Insulation trends and technologies

February 06, 2002 |

Recent advancements in insulation technology provide architects, engineers and contractors with options formerly unavailable. Besides controlling heat loss, factors gaining importance as insulations become specialized include impact resistance, fire resistance, acoustical control, dimensional stability and resistance to settling. Also important are the insulation's component compatibility, attachment capabilities, installation speed and the maintenance required. An assortment of insulation types is available to fit every construction need, and care must be taken when choosing the best one for the job.

By far, the most common forms are rigid boards and batts, made of a variety of materials: mineral fiber, which uses a glass mat facer and has a relatively high R-value; perlite, formed by combining volcanic minerals with indigenous organic fibers; polyisocyanurate, a closed-cell insulation manufactured through a chemical reaction for a high R-value; glass fiber such as Schuller's Thermal-Shield - highly stable and compatible with bitumens and other adhesives, but less resistant to moisture than cellular glass - wood fiberboard, formed of wood or cane fibers combined with a variety of binders; and expanded and extruded polystyrene, both made of closed-cell foam. The latter, such as T. Clear's Lightguard or Dow Chemical's Deckmate-Plus, is the only insulation type usable with protected membrane roofs (PMRs), which diminish the susceptibility of the membrane to the sun, weather and thermal cycling.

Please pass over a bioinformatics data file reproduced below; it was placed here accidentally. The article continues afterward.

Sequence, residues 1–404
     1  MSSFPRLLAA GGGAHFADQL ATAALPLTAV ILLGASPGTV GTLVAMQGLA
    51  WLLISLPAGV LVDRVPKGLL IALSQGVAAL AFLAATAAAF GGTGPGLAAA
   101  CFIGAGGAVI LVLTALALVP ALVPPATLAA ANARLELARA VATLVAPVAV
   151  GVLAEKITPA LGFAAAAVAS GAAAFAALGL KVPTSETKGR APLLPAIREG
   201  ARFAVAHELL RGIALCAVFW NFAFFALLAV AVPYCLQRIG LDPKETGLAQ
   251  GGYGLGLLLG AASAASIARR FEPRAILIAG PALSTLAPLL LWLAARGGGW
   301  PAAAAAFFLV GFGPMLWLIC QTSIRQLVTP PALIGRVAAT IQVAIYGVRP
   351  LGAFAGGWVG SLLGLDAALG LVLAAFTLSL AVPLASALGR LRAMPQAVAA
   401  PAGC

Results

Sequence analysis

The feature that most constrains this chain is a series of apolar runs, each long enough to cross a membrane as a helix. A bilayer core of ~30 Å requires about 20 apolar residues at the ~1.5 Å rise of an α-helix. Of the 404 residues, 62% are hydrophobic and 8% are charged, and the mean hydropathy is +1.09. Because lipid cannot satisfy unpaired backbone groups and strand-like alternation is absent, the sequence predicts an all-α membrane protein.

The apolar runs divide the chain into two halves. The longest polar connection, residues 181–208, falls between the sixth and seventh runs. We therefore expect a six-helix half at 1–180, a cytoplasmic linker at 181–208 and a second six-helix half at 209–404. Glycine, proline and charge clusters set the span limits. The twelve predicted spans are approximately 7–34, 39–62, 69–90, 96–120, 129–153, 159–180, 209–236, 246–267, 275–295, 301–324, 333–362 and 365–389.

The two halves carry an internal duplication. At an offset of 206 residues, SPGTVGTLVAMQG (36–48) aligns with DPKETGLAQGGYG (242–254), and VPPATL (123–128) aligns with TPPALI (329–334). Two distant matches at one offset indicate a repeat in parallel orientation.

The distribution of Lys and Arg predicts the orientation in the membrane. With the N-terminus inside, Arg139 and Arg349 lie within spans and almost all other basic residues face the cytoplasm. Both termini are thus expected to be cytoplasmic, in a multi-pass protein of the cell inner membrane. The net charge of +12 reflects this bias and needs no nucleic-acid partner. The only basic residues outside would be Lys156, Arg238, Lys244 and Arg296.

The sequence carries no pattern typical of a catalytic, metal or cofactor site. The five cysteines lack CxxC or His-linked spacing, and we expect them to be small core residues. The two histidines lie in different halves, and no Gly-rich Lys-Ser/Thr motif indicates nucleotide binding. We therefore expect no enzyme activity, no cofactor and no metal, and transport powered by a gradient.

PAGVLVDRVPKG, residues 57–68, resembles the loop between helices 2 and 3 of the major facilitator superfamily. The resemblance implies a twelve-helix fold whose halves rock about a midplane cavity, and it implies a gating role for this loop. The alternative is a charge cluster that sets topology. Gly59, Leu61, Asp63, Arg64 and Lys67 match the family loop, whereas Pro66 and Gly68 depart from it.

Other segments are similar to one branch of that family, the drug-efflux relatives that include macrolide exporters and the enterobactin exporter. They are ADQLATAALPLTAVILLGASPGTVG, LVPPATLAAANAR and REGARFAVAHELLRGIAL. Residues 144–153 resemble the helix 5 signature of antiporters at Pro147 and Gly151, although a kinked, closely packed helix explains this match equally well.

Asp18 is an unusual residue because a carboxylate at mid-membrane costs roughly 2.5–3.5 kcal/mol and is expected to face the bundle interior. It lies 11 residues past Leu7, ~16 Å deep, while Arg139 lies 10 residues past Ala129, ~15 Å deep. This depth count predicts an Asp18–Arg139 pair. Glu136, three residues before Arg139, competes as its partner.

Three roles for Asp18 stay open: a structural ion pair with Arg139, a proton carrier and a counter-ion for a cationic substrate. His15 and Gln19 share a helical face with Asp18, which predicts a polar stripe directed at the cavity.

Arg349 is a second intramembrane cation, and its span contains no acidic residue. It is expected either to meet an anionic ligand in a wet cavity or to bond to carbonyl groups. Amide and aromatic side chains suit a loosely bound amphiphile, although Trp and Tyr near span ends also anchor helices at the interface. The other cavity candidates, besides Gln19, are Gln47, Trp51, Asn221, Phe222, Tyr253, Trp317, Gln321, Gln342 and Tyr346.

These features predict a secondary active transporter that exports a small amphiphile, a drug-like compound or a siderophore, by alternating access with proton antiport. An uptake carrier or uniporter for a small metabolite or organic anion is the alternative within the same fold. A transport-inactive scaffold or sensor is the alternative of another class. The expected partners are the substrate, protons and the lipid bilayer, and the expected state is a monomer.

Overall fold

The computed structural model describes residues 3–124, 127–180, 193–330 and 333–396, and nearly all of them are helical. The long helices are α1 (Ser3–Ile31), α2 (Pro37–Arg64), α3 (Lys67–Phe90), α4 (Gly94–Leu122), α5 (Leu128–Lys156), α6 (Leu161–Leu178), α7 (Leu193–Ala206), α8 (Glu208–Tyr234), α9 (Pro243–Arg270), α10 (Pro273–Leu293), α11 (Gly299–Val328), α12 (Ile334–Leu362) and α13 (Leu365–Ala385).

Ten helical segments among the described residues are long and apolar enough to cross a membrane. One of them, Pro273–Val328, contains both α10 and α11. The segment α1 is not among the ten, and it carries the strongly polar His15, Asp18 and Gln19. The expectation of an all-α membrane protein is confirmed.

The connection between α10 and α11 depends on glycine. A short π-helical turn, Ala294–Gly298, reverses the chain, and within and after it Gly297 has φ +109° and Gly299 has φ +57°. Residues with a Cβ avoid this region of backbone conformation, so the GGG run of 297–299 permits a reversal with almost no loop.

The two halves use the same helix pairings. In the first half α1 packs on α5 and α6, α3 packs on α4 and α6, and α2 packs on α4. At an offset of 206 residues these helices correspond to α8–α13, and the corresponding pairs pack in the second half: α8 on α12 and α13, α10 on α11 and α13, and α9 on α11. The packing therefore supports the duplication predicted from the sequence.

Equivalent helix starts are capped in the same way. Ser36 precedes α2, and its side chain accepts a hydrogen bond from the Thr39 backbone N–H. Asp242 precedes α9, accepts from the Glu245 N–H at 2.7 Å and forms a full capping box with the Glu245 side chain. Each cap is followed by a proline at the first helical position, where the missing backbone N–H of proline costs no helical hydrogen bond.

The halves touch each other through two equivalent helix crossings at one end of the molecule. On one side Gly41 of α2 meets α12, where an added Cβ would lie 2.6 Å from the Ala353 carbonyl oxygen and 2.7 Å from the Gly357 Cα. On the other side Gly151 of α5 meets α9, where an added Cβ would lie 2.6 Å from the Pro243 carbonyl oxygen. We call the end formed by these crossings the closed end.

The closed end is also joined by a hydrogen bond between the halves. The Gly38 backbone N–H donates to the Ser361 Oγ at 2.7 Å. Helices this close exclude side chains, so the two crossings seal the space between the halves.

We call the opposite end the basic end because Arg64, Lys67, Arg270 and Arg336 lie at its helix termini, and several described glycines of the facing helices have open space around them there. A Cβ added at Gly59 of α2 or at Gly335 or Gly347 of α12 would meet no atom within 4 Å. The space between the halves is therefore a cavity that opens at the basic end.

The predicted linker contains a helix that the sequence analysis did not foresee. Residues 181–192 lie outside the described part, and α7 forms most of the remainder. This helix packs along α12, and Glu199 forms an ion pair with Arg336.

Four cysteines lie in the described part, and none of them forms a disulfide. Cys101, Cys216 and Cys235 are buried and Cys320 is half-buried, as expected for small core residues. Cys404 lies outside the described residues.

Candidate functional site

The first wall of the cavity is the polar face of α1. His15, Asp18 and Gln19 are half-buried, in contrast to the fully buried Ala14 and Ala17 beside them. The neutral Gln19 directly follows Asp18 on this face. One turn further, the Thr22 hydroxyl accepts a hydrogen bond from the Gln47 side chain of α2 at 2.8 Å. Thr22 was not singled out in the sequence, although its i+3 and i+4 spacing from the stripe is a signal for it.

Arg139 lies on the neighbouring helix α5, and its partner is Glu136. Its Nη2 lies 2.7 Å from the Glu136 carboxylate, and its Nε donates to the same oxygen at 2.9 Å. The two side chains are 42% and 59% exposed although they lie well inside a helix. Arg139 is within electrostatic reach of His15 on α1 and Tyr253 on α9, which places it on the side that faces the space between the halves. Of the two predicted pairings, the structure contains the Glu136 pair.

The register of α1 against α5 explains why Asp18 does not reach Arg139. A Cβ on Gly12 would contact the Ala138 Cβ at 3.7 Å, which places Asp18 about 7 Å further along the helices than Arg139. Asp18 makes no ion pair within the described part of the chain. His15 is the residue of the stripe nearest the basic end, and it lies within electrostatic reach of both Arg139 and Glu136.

Composites of two insulation types take advantage of the properties of each, such as Thermasote, a product made by laminating homasote and polyisocyanurate. Polyurethane foam (PUF) or spray-applied cellulose are high-R-value alternatives that can be tube-sprayed in new construction or added to existing insulations. Aluma Shield's insulated metal paneling is a durable and easily installed roofing system-and-insulator in one.

Solar reflectance is an important property of every insulation. According to Paul Berdahl, a materials specialist at Lawrence Berkeley National Laboratory in California, roofs with a high reflectance can save 40 percent on HVAC costs. 'Anywhere air-conditioning bills are significant, I would look at a light-colored roof,' says Berdahl. Increased awareness about the role of radiation in heat loss may be behind the current trend toward radiant barrier systems, which combine high reflectance with installation versatility. Radiant barrier products are also good choices for insulating ductwork and pipes. For other specialized insulating needs, Homasote's prefinished fabricboard and panels provide a solution for interior offices and walls.

Environmentalism is another big factor in specifying insulation. All Homasote products are produced from post-consumer wastepaper. Utilizing recycled content diverts materials from the waste stream and reduces materials mined from natural sources. Cellulose is the standout here, with recycled newsprint accounting for three-fourths of its content. A number of potential insulators are being tested by the Department of Energy, with the expectation that their use can promote sustainable development.

Insulation accounts for a small percentage of building cost versus the return in comfort and energy savings that can be realized. New technologies may be loading up the shelf with choices, but they are also increasing the size and speed of those returns.

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